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Old April 7, 2013, 11:07 AM   #1
Glenn E. Meyer
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Run, hide, fight - NY Times

http://www.nytimes.com/2013/04/07/us...anted=2&ref=us

This is an interesting piece that thought is changing that in rampages one must be more active than simply hiding. It mentions that folks have managed to tackle the bad guy. Now, we haven't seen the book but I wonder if the report deals with the issue that having a gun is the best way to fight back or it will skirt that issue.

Tackling the BG is possible in close quarters during the reload or malfunction. And do it if you are still standing.

But the logical conclusion - which I told the TX state House committee is to be able to use a firearm. But it doesn't look like campus carry will make it. Yet again, sigh.
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Old April 7, 2013, 12:24 PM   #2
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Quote:
Originally Posted by Glenn
Now, we haven't seen the book but I wonder if the report deals with the issue that having a gun is the best way to fight back or it will skirt that issue.
I doubt that the report will ignore the possibility of fighting back with a gun. But just to play devil's advocate for a moment, I think it's possible to argue that we won't know whether it's the best way until there are more instances in which people do fight back with guns -- are the outcomes actually better than when people fight back by other means? (Not that I think they wouldn't be, but it's an empirical question.)

That said, I thought it was a step forward for the Times even to acknowledge that it can happen:
In 16 of the attacks studied by the researchers, civilians were able to stop the perpetrator, subduing him in 13 cases and shooting him in 3 cases. In other attacks, civilians have obstructed or delayed the gunman until the police arrived.
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Old April 7, 2013, 04:53 PM   #3
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You would think people wouldn't have to be told not to sit there and get shot. A sign of the times, I suppose.
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Old April 7, 2013, 07:03 PM   #4
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You would think people wouldn't have to be told not to sit there and get shot.
The problem is, they've been told many times to hide under desks and not to provide resistance.

In 1999, a day-trader went berserk in an Atlanta office and killed several people. There was a great deal of hand-wringing among human resource types, and the result was (paradoxically) to adopt a doctrine of passitivity in the face of violence.

Couple that with the frequent admonitions from gun-control advocates that the gun-owning employee is a ticking timebomb, and you've got an atmosphere in which people are woefully unprepared for public violence.
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Old April 7, 2013, 07:29 PM   #5
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Our policy is run, hide, and fight back for the last year or so. Being armed to do that is still not an option, but I don't expect I'll just sit there waiting for a bullet. There is a big outcry for "safe rooms" to consolidate targets, I mean provide an option for those without a survival instinct to flee. I can't believe its a consideration, but people want to feel protected and this offers them a false sense of security. Our recommendation is get out!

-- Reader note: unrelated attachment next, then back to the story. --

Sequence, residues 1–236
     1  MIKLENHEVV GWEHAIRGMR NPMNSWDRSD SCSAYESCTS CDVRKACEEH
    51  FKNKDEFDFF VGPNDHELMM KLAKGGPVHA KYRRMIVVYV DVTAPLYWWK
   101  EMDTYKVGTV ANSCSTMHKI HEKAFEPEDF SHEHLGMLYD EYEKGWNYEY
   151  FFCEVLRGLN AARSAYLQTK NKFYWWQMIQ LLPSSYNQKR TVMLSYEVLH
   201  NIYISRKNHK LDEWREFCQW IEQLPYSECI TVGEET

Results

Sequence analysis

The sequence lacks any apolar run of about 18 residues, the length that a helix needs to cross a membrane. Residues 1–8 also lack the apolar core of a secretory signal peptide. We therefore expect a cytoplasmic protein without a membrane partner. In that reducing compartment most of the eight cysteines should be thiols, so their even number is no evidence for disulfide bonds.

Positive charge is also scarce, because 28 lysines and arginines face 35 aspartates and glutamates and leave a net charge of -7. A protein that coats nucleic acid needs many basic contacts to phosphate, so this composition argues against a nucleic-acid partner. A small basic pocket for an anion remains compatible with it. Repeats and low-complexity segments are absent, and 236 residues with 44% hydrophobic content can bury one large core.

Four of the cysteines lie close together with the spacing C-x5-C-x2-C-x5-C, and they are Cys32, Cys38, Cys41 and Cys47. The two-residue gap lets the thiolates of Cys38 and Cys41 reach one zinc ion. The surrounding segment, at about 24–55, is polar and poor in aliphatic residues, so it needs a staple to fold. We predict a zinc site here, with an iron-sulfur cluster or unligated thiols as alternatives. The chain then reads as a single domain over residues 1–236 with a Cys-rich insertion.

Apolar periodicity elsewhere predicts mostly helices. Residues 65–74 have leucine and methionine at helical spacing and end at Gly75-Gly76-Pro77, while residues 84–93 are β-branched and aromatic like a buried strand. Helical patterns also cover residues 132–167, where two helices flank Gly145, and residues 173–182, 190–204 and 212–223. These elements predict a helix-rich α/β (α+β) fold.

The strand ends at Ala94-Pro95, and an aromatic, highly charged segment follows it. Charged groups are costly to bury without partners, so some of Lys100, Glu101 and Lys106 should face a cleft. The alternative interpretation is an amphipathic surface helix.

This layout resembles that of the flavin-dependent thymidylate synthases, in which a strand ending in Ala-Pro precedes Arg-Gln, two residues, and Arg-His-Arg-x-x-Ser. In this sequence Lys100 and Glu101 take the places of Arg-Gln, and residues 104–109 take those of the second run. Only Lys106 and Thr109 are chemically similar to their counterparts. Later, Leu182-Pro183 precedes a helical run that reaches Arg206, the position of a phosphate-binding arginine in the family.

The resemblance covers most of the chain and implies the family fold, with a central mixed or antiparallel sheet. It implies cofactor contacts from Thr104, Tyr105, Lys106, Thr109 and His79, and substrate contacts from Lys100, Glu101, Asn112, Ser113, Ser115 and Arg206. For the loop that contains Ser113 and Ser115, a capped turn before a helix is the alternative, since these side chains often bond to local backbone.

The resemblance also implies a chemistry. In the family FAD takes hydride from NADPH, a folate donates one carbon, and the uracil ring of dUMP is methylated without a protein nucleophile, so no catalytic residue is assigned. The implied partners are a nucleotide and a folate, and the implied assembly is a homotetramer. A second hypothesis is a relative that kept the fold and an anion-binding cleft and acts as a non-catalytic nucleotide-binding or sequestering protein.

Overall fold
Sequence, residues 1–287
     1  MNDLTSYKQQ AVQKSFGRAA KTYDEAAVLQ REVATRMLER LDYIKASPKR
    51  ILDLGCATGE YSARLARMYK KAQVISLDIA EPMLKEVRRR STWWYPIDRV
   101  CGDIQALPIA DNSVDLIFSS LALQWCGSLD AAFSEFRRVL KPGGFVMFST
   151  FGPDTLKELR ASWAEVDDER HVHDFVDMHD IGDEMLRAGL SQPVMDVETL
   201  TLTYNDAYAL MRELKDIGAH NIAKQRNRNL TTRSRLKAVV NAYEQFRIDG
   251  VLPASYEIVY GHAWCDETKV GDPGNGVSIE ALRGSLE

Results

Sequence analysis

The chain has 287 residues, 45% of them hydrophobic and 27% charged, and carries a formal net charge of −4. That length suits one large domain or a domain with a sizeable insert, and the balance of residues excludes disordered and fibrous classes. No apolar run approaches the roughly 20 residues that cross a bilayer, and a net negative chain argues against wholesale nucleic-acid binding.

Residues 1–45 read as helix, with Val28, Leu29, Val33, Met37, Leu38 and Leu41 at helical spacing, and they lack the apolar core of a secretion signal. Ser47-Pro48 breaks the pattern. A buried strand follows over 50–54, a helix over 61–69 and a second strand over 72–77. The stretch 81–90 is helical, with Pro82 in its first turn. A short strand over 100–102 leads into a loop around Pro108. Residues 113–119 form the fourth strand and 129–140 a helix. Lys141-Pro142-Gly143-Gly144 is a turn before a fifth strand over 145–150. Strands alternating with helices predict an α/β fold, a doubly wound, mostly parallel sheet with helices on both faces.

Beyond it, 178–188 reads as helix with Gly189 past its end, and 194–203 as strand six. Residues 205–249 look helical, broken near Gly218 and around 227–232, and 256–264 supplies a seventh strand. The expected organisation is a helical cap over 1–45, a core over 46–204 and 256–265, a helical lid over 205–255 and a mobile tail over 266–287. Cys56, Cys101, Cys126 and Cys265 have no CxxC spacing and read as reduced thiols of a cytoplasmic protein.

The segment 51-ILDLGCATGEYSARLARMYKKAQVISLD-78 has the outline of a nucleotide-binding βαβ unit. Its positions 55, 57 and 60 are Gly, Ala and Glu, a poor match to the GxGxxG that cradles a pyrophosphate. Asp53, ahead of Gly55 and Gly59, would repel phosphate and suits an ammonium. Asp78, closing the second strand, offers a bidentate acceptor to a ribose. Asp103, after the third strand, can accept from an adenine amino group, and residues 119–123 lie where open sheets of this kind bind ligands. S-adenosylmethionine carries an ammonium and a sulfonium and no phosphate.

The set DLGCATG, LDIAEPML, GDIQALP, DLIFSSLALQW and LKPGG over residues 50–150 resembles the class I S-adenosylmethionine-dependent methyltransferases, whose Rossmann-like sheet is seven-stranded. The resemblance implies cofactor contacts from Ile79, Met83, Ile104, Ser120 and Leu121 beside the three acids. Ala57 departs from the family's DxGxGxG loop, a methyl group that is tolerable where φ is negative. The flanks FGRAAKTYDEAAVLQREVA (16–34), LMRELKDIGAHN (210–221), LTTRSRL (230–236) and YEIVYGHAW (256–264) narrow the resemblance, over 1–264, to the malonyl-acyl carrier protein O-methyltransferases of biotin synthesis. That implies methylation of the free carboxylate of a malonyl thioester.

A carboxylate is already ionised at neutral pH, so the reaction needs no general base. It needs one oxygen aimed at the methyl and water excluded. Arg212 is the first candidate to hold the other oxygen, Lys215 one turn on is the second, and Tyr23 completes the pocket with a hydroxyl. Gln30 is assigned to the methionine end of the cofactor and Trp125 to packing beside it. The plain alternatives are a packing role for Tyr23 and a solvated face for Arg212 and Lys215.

The campus carry debate needs to take a serious change in direction. Maybe one day before I retire.
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Old April 8, 2013, 10:25 AM   #6
Glenn E. Meyer
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The campus debate is not going well in TX. Despite what seems to be legislative support, the same chicanery and fair weather friends of the past are active today. There is little faculty support but some campus support depending on the school.
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Old April 8, 2013, 10:35 AM   #7
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Seems campus carry is meeting a similar fate here(Nevada). Last update I saw , was a "no action" update in committee, I think they're just going to let it die there.
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Old April 8, 2013, 10:48 AM   #8
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It's amazing that the antigun forces can launch massive campaigns but the gun world cannot put forward the same energy - even in gun friendly states.

Not that some of us didn't try.
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Old April 8, 2013, 10:56 AM   #9
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Oregon's House Higher Education Committee is currently looking at two House Bills. HB 3009 would allow concealed carry on Oregon's college and university campuses, and HB 3114 which basically prohibit it. So doing my part to advocate for concealed carry, I sent the following:

It is unfortunate that the acts of madmen and lunatics who've committed horrible crimes have inspired legislation which on the whole will do nothing to prevent similar acts. House Bill 3114 is this kind of legislation.

Common sense has given way to common hysteria. In the absence of any meaningful action to prevent the mentally ill from obtaining and using firearms Oregon has proposed at least 11 House and Senate gun control bills since January of this year.

There are 56 private and public colleges and universities in the state serving tens of thousands of students and staff.